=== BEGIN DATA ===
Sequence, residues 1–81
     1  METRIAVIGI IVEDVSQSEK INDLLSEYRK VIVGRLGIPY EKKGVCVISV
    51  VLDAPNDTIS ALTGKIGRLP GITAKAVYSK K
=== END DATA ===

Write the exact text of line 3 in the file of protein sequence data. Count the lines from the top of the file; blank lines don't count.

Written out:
    51  VLDAPNDTIS ALTGKIGRLP GITAKAVYSK K